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This eBook from the Gutenberg Project consists of approximately 479 pages of information about Astoria, or, anecdotes of an enterprise beyond the Rocky Mountains.

An agent, appointed for the term of five years, was to reside at the principal establishment on the northwest coast, and Wilson Price Hunt was the one chosen for the first term.  Should the interests of the concern at any time require his absence, a person was to be appointed, in general meeting, to take his place.

Such were the leading conditions of this association; we shall now proceed to relate the various hardy and eventful expeditions, by sea and land, to which it gave rise.

     * Carver’s Travels, Introd. b. iii.  Philad. 1796.

     **Carver’s Travels, p. 360.

*** On this point Mr. Jefferson’s memory was in error.  The proposition alluded to was the one, already mentioned, for the establishment of an American Fur Company in the Atlantic States.  The great enterprise beyond the mountains, that was to sweep the shores of the Pacific, originated in the mind of Mr. Astor, and was proposed by him to the government.

CHAPTER IV.

Two Expeditions Set on Foot.—­The Tonquin and Her Crew.—­ Captain Thorn, His Character.—­The Partners and Clerks—­ Canadian Voyageurs, Their Habits, Employments, Dress, Character, Songs—­Expedition of a Canadian Boat and Its Crew by Land and Water.—­Arrival at New York.—­Preparations for a Sea Voyage.—­Northwest Braggarts.—­Underhand Precautions—­ Letter of Instructions.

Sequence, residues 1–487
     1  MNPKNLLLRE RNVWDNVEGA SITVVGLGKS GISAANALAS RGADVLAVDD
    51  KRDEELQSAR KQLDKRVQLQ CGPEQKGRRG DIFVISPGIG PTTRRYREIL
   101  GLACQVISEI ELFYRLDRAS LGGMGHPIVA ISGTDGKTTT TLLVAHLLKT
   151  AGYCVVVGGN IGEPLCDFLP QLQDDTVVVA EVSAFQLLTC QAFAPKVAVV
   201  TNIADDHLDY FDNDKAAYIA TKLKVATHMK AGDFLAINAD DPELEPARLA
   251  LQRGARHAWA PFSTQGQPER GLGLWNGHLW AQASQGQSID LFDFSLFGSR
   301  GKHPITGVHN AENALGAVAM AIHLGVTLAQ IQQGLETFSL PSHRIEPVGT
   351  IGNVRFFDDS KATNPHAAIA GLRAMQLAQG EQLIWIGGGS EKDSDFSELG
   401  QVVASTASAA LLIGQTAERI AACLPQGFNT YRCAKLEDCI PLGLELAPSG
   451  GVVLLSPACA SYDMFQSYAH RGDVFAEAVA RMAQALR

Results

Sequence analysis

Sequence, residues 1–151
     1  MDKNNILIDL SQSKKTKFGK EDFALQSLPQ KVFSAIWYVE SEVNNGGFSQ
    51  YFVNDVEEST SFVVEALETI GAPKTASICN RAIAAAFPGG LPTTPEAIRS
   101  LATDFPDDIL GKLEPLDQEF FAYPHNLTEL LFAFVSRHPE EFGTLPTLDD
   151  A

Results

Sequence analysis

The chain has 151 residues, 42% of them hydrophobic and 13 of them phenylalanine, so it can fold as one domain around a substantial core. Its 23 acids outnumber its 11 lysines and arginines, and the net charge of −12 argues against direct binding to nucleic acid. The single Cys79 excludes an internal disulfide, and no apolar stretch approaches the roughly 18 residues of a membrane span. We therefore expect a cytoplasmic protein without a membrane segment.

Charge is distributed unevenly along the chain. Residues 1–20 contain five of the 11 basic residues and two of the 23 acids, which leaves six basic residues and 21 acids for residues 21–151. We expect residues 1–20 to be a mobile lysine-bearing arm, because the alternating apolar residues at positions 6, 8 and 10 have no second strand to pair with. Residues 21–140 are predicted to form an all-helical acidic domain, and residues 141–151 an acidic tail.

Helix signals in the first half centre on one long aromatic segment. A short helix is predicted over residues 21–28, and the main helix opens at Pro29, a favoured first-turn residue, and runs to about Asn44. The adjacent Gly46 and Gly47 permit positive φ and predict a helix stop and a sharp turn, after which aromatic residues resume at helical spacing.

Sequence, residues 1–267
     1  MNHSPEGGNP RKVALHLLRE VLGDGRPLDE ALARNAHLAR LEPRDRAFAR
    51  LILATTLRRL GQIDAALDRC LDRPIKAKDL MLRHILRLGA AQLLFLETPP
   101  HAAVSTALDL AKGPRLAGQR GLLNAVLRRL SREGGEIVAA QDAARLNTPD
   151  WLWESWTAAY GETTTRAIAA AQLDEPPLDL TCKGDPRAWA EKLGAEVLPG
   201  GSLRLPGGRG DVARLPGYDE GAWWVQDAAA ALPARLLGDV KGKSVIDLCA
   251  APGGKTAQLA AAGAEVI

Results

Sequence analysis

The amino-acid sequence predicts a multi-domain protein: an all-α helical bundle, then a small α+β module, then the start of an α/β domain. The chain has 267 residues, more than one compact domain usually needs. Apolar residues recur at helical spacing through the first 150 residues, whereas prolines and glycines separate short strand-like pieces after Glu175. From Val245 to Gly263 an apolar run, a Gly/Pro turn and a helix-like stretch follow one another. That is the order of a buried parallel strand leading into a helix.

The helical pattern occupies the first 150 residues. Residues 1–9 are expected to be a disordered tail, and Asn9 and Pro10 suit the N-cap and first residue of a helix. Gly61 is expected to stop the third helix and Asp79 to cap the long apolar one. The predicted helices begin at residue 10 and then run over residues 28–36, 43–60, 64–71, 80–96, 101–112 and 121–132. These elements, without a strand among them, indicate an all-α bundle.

In prosecuting his great scheme of commerce and colonization, two expeditions were devised by Mr. Astor, one by sea, the other by land.  The former was to carry out the people, stores, ammunition, and merchandise, requisite for establishing a fortified trading post at the mouth of Columbia River.  The latter, conducted by Mr. Hunt, was to proceed up the Missouri, and across the Rocky Mountains, to the same point; exploring a line of communication across the continent and noting the places where interior trading posts might be established.  The expedition by sea is the one which comes first under consideration.

A fine ship was provided called the Tonquin, of two hundred and ninety tons burden, mounting ten guns, with a crew of twenty men.  She carried an assortment of merchandise for trading with the natives of the seaboard and of the interior, together with the frame of a schooner, to be employed in the coasting trade.  Seeds also were provided for the cultivation of the soil, and nothing was neglected for the necessary supply of the establishment.  The command of the ship was intrusted to Jonathan Thorn, of New York, a lieutenant in the United States navy, on leave of absence.  He was a man of courage and firmness, who had distinguished himself in our Tripolitan war, and, from being accustomed to naval discipline, was considered by Mr. Astor as well fitted to take charge of an expedition of the kind.  Four of the partners were to embark in the ship, namely, Messrs. M’Kay, M’Dougal, David Stuart, and his nephew, Robert Stuart.  Mr. M’Dougal was empowered by Mr. Astor to act as his proxy in the absence of Mr. Hunt, to vote for him and in his name, on any question that might come before any meeting of the persons interested in the voyage.

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